One thing that Alessandra Lariu has learned from being a mother in advertising is how to pump breast milk while on a client call. It involves muting her phone so that others don’t hear the pumping, carefully listening, and quickly un-muting when she wants to speak, then quickly pressing mute again, all while operating the breast pump. This is a two-hand operation, needless to say.
Welcome to the world of being a mother in advertising. That’s just one example of many of how women in advertising with children have to constantly multitask in order to be productive at work and home. This isn’t unique to the ad world, yet there are specific challenges that mothers at agencies face. The industry rewards long hours, expects employees to be at the beck and call of clients at all hours, demands a good deal of travel and is still very male dominated. Mothers, therefore, have a lot to tackle. This is all while dealing with the pressure and anxiety of trying to pull it all off seamlessly. It’s not so much a balancing act as it is a juggling performance.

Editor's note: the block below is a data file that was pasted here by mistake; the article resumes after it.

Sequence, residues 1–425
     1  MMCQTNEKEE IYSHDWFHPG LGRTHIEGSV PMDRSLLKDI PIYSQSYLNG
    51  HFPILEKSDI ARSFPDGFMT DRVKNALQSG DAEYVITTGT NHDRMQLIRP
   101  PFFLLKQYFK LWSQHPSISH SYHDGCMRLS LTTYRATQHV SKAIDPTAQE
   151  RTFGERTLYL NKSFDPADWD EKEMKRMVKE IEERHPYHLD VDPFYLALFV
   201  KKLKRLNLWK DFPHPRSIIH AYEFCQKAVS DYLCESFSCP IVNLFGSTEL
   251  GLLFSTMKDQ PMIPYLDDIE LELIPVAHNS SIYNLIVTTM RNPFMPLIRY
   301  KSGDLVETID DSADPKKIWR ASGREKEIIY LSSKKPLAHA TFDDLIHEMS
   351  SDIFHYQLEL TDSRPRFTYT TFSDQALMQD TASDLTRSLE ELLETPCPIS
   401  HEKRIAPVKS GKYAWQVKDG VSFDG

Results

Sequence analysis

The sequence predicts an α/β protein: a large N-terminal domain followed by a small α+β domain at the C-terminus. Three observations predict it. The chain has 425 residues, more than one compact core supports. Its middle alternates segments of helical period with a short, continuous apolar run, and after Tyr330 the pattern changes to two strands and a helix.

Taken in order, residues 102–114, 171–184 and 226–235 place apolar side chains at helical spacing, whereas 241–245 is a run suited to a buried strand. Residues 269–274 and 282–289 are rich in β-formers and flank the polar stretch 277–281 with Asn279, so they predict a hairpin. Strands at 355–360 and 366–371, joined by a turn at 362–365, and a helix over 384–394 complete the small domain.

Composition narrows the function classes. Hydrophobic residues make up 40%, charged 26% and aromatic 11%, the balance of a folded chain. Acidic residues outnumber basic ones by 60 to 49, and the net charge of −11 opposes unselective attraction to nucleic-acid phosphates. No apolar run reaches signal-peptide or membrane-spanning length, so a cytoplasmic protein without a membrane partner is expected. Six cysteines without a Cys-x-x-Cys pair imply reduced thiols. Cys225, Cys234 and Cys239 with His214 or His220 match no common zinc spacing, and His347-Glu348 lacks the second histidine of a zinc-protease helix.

Digiday spoke to a group of experienced female ad execs with children to better understand what kinds of challenges they face as mothers in advertising and how they’ve adapted to meet those challenges.
Alesandra Lariu, co-founder, SheSays
Lariu spent time building a successful career in advertising, with top positions at places like McCann, AKQA and Agency Republic. She was named one of Fast Company’s most creative people in business in 2010 alongside people like Lady Gaga, Spike Jonze and TED’s Chris Anderson. While she was still working in the agency world, Lariu helped found a group for women in advertising to connect and help each other called SheSays. She was sick of being the only woman in the room and at advertising awards shows. SheSays quickly grew to become her full-time job. Now, SheSays is an award-winning organization that offers mentorship programs, digital courses, awards shows, and career recruitment and management services all for women. It has 8,000 female members from all over the world.
Like many women in advertising, Lariu waited until she had checked off certain goals before she became a mother so that she wouldn’t feel frustrated about stalling her career.